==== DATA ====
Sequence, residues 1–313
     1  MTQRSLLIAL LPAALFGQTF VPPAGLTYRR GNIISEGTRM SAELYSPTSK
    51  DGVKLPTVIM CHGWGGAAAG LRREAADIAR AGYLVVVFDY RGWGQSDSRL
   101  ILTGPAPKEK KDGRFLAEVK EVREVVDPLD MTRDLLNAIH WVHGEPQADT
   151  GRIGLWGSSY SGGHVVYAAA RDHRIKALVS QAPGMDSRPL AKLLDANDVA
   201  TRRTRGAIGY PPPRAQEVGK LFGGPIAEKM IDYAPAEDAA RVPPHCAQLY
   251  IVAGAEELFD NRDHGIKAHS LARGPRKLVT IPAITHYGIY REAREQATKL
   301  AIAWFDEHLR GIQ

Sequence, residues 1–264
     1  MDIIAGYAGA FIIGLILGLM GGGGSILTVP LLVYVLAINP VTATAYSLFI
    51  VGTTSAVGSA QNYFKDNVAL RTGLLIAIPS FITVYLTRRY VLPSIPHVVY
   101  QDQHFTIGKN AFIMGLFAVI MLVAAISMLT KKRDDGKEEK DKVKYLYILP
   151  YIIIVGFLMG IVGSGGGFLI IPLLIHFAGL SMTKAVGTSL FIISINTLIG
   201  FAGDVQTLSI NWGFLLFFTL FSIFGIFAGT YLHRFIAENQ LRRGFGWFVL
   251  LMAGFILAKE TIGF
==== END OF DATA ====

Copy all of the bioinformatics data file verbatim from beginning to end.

Sequence, residues 1–313
     1  MTQRSLLIAL LPAALFGQTF VPPAGLTYRR GNIISEGTRM SAELYSPTSK
    51  DGVKLPTVIM CHGWGGAAAG LRREAADIAR AGYLVVVFDY RGWGQSDSRL
   101  ILTGPAPKEK KDGRFLAEVK EVREVVDPLD MTRDLLNAIH WVHGEPQADT
   151  GRIGLWGSSY SGGHVVYAAA RDHRIKALVS QAPGMDSRPL AKLLDANDVA
   201  TRRTRGAIGY PPPRAQEVGK LFGGPIAEKM IDYAPAEDAA RVPPHCAQLY
   251  IVAGAEELFD NRDHGIKAHS LARGPRKLVT IPAITHYGIY REAREQATKL
   301  AIAWFDEHLR GIQ

Sequence, residues 1–264
     1  MDIIAGYAGA FIIGLILGLM GGGGSILTVP LLVYVLAINP VTATAYSLFI
    51  VGTTSAVGSA QNYFKDNVAL RTGLLIAIPS FITVYLTRRY VLPSIPHVVY
   101  QDQHFTIGKN AFIMGLFAVI MLVAAISMLT KKRDDGKEEK DKVKYLYILP
   151  YIIIVGFLMG IVGSGGGFLI IPLLIHFAGL SMTKAVGTSL FIISINTLIG
   201  FAGDVQTLSI NWGFLLFFTL FSIFGIFAGT YLHRFIAENQ LRRGFGWFVL
   251  LMAGFILAKE TIGF